Thursday, December 2, 2010

Ecumenism Questions

1. What is the church's source(s) of authority?
2. How does the church view Sacred Scripture?
3. What, if any, sacraments are celebrated by the church?
4. What, approximately, is the worldwide membership of the church?
5. What is the church's moral stance on issues like homosexuality, contraception, and abortion?
6. Who are the leading figures in the foundation of the church / denomination? Who are the leading figures today?
7. What is the church's attitude toward ecumenism?
8. What are common devotions, prayers, and practices within this church?
9. Based on these answers, how closely would you say the church is to the Catholic Church?

Monday, November 29, 2010

Ut Unum Sint

We are examining Pope John Paul II's encyclical on ecumenism. A link to the document is below. As a class we are only reading sections 10 - 13. The encyclical is a very large document - we are just looking at one small excerpt.
After reading the excerpt, please answer the following questions - in complete sentences, of course.
*Please note, when I use the word "Church", capitalized, I am referring to the Catholic Church. All other uses of "church" refer to other, usually Orthodox churches.
1. What is ecumenism, and what is the Church's attitude toward it?
2. What is meant by the statement, from Vatican II, that "the Church of Christ subsists in the Catholic Church"?
3. The document notes that "many elements of sanctification and of truth can be found outside her visible structure." What do you think some of these elements might be? (see section 12. if you get stumped.)
4. The elements mentioned in question 4 have "an inner dynamism towards Catholic unity." Which means, um...what does that mean?
5. The beginning of section 11. is an admission of some faults and flaws of the human element of the Church. However, the Pope writes that these "cannot destroy what God has bestowed on her as part of his plan of grace." Why can't the flaws and faults of the human element of the Church nullify the Truth of the Church?
6. The Pope acknowledges that the degree to which other churches or ecclesial communities are in communion with Rome differs from one to another. Which are the churches that are most in communion with Rome and why? Which are those that are least in communion with Rome, and again, why?
7. Condense the two paragraphs in section 13. into one sentence each. Then assess how these two sentences compare your original assumption about the attitude of the Church toward other churches.

Tuesday, November 23, 2010

On teaching the Truth with Love

"And so I try not to get discouraged but to try to continue to speak the message in a way that people can understand. I try not to be -- and I don’t believe that I have been -- harsh or angry in my teaching. Certainly, I always could’ve been more effective in it, but try to speak the truth with love as the Holy Scriptures say, but also to realize that one has to continue to proclaim the message in season and out of season, and whether it’s being warmly received or not being received or being resisted or criticized doesn’t excuse the bishop or the priest from teaching clearly or steadfastly."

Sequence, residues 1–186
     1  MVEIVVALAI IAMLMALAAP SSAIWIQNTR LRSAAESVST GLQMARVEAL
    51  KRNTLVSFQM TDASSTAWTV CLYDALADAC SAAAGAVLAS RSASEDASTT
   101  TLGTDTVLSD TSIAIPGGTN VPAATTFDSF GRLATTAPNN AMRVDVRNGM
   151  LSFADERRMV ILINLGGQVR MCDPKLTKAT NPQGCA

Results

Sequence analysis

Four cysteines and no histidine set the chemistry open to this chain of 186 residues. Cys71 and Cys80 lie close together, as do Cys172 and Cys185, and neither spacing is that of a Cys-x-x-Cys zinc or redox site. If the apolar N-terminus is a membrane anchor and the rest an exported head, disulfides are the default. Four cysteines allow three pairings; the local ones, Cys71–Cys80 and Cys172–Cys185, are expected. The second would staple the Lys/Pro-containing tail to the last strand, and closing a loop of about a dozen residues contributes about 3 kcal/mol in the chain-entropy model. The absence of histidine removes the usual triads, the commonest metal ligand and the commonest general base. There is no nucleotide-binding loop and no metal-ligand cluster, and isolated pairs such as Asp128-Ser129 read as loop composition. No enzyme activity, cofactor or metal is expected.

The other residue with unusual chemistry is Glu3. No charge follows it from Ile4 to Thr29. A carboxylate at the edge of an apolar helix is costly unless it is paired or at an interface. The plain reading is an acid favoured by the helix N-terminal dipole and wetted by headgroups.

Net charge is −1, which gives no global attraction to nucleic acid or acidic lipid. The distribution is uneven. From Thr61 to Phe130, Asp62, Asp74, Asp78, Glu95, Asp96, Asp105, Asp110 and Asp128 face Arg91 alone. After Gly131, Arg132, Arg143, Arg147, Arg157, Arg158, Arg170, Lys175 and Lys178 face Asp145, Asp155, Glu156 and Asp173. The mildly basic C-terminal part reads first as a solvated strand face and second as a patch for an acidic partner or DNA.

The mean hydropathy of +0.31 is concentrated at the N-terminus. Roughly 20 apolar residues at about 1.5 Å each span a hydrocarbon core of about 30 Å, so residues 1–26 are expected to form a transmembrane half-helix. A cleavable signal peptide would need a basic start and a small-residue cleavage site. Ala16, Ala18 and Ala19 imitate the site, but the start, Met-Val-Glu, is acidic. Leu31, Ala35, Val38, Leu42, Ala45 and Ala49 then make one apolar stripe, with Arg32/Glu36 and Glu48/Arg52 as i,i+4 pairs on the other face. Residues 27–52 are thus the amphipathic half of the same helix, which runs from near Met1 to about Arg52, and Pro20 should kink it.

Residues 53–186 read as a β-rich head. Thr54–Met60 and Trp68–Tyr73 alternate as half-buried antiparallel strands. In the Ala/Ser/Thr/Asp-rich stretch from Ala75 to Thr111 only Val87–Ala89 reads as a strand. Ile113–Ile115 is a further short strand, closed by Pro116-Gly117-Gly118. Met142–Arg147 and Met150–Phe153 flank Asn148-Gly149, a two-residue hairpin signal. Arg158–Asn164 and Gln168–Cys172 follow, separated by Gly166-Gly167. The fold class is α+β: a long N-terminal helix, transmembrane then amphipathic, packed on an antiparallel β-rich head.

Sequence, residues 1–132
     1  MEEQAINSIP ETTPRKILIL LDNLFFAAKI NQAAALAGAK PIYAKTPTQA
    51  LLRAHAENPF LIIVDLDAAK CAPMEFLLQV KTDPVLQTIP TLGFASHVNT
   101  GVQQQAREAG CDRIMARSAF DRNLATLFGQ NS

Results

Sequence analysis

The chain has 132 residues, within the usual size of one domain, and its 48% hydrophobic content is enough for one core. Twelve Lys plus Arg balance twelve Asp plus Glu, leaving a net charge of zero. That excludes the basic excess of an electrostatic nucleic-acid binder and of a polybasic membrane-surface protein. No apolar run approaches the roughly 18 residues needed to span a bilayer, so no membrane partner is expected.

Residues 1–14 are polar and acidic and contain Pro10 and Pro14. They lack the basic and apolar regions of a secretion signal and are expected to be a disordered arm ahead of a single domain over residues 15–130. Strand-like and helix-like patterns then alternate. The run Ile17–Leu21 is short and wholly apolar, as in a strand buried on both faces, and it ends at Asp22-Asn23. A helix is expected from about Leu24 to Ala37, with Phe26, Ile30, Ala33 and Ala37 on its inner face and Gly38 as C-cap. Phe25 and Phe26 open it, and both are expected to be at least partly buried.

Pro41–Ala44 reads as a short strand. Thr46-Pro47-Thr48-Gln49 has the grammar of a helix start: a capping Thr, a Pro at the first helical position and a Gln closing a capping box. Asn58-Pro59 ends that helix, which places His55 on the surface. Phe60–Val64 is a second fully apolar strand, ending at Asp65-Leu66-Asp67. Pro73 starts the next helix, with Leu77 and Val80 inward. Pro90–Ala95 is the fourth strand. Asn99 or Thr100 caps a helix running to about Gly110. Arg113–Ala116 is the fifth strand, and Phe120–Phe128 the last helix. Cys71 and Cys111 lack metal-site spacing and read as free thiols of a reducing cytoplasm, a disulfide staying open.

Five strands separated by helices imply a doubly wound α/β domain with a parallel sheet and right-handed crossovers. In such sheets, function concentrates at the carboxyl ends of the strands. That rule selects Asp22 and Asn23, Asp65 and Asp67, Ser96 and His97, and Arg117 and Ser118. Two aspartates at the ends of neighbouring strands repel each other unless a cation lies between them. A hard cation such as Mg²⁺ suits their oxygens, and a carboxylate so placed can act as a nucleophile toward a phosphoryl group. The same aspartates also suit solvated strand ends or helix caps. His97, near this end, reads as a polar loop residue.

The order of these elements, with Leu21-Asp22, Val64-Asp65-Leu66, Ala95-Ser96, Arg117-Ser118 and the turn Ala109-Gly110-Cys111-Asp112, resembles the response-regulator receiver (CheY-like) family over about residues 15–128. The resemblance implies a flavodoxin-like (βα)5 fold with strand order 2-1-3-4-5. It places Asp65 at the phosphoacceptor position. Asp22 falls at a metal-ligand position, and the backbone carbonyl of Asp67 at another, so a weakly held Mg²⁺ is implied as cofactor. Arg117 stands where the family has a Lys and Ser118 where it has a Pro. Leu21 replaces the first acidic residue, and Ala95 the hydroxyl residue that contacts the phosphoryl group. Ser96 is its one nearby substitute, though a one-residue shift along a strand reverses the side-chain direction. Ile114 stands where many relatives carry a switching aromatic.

- Raymond Cardinal Burke,
prefect of the Apostolic Signatura

"And I ask Blessed Mary, ever virgin..."

The title of this post comes from the confiteor, a prayer of repentance offered during the penentential rite at mass.

The post itself is in response to some discussion in class regarding the Perpetual Virginity of the Blessed Mother. The objections were:

1. There is no proof

2. It's not in the Bible

3. It was probably conveniently made up by some pope who thought it should be that way.

First, as we have discussed, there are many things that we can find no empirical proof for, but this lack of tangible evidence does not call into question the Truth of the matter. We discussed this at length earlier in the year.

Secondly, there are a number of things that are "not in the Bible", but they are nonetheless true. We forget that the Bible itself was created by the bishops - the Fathers of the Church, and it was their authority that assembled the books and guides our interpretation of it. They did not create the Bible to serve as a replacement for their authority. In other words, if you accept the authority of the Church on which books are Divinely inspired, why not accept its authority on other Truths that are not explicitly mentioned therein?

Finally, a hunch, or suspicion, or a feeling is not a solid foundation for doubting a doctrine. In fact, establishing the Truth on the basis of a hunch is precisely what "some pope" is being accused of. So instead, let's look at some of the writings of the Church Fathers - wise and holy teachers of the first centuries of the Church, who, I might add, were unanimous in their belief in the Perpetual Virginity of Our Lady. If you feel compelled to dig a little deeper, feel free to check out the excerpts of this book: Mary and the Fathers of the Church: The Blessed Virgin Mary in Patristic Thought by Luigi Gambero. Much of the book is available online at Google Books. It may not put to rest your doubt, but it will at the very least present to you the generations of evidence that refute your hunch.

Monday, November 15, 2010

Colonialism Illustration

While mildly inappropriate, this video illustrates the injustices of colonialism in a brief, and over-simplified form.

IUPUI Library Book Renewals

Students, you must go to the following link to renew your books from the IUPUI library.
Remember, they can be returned at any IMCPL branch, the Marian University Library, or the Speedway Public Library.

Tuesday, November 9, 2010

Service Hour Reminder

Students, please remember that the deadline for the completion and submission of your five service hours is only a few weeks away. The form can be found on the school website at
and will also be uploaded to school weblockers.